In a bold move toward pollution control, San Francisco has just become the first city in America to ban the sale of plastic water bottles, a move that is building on a global movement to reduce the huge amount of waste from the billion-dollar plastic bottle industry.
Over the next four years, the ban will phase out the sales of plastic water bottles that hold 21 ounces or less in public places. Waivers are permissible if an adequate alternative water source is not available.
One of the larges[t] supporters of the proposal was the Think Outside the Bottle campaign, a national effort that encourages restrictions of the “eco-unfriendly product.”
San Francisco’s ban is less strict than the full prohibitions passed in 14 national parks, a number of universities and Concord, Mass.
Violators of the ban would face fines of up to $1,000.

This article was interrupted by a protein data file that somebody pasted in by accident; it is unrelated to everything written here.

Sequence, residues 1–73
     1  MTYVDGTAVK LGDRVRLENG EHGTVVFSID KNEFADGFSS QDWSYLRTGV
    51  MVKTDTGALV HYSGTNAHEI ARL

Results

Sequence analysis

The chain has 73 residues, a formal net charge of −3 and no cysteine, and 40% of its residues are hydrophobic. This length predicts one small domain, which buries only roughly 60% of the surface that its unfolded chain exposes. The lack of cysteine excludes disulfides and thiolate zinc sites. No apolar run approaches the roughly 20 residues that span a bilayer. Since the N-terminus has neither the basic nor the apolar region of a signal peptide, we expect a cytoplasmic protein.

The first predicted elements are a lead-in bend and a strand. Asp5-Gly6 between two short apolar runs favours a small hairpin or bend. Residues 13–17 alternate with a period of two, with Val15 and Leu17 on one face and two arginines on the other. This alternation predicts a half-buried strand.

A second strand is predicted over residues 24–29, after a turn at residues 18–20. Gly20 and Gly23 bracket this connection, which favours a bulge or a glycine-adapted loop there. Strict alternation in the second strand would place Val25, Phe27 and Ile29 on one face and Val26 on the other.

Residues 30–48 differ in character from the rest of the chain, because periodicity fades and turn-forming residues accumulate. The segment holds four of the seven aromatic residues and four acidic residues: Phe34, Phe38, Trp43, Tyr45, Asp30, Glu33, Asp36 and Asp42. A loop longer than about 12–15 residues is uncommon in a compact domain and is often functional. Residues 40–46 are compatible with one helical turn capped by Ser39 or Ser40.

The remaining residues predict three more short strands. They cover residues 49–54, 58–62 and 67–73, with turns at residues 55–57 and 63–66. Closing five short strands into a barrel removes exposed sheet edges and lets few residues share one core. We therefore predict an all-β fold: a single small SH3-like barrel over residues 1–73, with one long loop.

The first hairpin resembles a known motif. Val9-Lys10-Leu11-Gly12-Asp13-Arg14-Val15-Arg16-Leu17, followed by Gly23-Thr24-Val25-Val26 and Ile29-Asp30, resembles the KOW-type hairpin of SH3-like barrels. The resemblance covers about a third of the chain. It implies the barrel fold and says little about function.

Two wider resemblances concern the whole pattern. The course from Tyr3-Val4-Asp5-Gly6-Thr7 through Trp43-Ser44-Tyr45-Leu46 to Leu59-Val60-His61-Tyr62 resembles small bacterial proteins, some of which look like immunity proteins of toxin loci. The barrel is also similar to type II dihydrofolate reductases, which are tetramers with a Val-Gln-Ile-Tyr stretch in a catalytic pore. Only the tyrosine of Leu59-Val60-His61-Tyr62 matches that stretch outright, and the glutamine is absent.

Joshua Arce, chairman of the Commission on the Environment, said the ban is “another step forward on our zero-waste goal.” The City wants to have no waste going to its landfill by 2020. Its diversion rate now stands at 80 percent.
Past efforts toward the goal included banning plastic bags and plastic-foam containers.
“We had big public events for decades without plastic bottles and we’ll do fine without them again,” Arce said.
The American Beverage Association, which includes Coca-Cola Co. and PepsiCo, said in a statement that the ban was “nothing more than a solution in search of a problem. This is a misguided attempt by city supervisors to decrease waste in a city of avid recyclers.”
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